- Create data backups.
- Enforce two-factor authentication.
- Create a detailed roadmap that accompanies the entire lifecycle of cloud governance.
If you decide to host network resources on a public cloud, siding with a good cloud provider is vital for security. A reliable vendor will perform frequent vulnerability scans, have sound redundancy strategies, and perform regular security updates.
Our article on multi-cloud security outlines the best practices companies rely on to keep multi-cloud environments safe.
Advantages of Cloud Networking Software
A cloud networking software helps teams design, set up, and manage a cloud network. The tool simplifies management, speeds up resource deployment, and increases visibility across all environments.
Below is a list of the main reasons why you should consider using a dedicated cloud networking tool.
High Security Across Hybrid Cloud Environments
A cloud networking software enables you to implement consistent security policies for any hybrid cloud environment. Regardless of setup complexity or where you host services and data, a tool can ensure traffic flowing between cloud apps, data centers, and end-users stays safe.
A cloud networking software helps:
- Identify DDoS and DNS attacks in real-time.
- Secure and manage APIs with distributed access and security policies.
- Set up reliable traffic controls.
- Secure app access with single sign-on rules, multi-factor authentication, and various monitoring capabilities.
Our article on cloud security threats provides an overview of the main risks a team needs to account for when protecting a cloud environment.
Simpler Cloud Migration
A cloud networking software helps minimize business impact and maintain performance throughout cloud migration. Moving resources to the cloud does not impact metrics like uptime or performance regardless of whether you are migrating:
- End-users (via redirects and offloads).
Additionally, a top tool will help measure real-time networking metrics of end-user performance before, during, and after migrations.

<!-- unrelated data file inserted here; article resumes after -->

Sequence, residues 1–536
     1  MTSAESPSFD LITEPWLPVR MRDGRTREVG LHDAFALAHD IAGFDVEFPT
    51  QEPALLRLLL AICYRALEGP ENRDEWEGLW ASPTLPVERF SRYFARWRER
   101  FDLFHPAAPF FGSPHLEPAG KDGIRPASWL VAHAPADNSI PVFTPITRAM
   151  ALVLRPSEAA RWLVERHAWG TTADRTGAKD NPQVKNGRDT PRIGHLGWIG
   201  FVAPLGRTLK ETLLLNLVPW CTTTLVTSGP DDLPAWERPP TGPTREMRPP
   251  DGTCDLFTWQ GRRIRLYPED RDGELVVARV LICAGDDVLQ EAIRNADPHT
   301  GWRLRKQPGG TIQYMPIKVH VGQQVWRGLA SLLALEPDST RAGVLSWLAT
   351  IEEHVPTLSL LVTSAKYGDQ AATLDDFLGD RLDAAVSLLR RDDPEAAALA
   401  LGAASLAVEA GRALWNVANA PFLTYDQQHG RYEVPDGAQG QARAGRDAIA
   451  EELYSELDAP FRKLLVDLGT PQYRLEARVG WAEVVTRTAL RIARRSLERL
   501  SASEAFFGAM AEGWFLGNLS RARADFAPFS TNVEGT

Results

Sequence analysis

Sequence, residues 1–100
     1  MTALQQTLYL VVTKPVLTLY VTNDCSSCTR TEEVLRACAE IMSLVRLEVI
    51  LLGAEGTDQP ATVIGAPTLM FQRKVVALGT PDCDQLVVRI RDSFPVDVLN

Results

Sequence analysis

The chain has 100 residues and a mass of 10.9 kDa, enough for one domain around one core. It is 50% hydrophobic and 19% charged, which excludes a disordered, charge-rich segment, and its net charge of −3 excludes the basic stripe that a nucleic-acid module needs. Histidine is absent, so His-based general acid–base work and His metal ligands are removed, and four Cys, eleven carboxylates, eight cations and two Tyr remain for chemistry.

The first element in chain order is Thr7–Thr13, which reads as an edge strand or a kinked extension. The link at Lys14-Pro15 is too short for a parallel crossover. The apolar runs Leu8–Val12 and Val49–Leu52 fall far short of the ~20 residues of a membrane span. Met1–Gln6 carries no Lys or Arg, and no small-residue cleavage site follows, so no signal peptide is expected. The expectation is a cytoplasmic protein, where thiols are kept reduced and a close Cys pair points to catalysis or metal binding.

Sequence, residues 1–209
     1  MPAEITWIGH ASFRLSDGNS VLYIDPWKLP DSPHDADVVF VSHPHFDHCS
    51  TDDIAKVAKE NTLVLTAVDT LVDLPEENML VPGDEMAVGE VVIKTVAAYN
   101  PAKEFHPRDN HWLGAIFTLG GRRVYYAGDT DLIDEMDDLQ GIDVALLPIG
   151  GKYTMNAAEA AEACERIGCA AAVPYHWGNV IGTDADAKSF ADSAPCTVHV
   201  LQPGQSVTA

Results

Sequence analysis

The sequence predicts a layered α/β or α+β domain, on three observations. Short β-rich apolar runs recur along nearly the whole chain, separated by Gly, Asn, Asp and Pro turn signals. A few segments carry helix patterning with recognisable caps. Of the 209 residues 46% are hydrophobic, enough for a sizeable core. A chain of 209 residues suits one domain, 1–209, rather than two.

A Single Pane of Glass for All Cloud Networking Efforts
Cloud networking software centralizes network management and enables you to control all environments from the same place. A single pane of glass grants control over connectivity to all:
- Cloud services.
- Cloud apps.
- Cloud security.
- Performance controls.
- Content delivery.
For additional visibility across a cloud environment, consider setting up and using one of the top cloud monitoring tools on the market.
Challenges of Cloud Networking
While in many ways superior to traditional setups, cloud networking is not free from challenges. The most significant problems with cloud networks are:
- Vendor lock-in: Once you set up a cloud network on a specific public cloud, you may be unable to use another provider without substantial switching costs and efforts.
- The lack of control: If something goes wrong with the network on the provider's end, your team cannot control the situation. The company must wait for the vendor to fix the issue before operations can return to normal.
- Poor integrations between environments: Each integration is an opportunity for a security gap or a mistake, so poorly set up cloud networks come with a high level of risk.
You can avoid these issues by siding with a reliable service provider. A good vendor will ensure you can:
- Move workloads and services without lock-in concerns.
- Rely on high uptime and quick fixes, both defined in a Service Level Agreement (SLA).
- Integrate and connect resources without security risks.
If you side with the right provider, the only challenge of cloud networking is the overall complexity. This network type is harder to tune and manage than a network running on in-house hardware. Ensure your network admins can handle real-time upgrades, make the most out of automated provisioning, and reliably troubleshoot cloud-related issues.
Cloud Networks Lower Costs, Boost Agility, and Improve Performance
When used correctly, cloud networking can be a turning point for a business. A cloud network can reduce operational costs, enable quick and easy scaling, and reduce the likelihood of downtime. Whether you go for a fully cloud-based network or combine cloud resources with a local setup, your network performance and day-to-day management will both see improvements.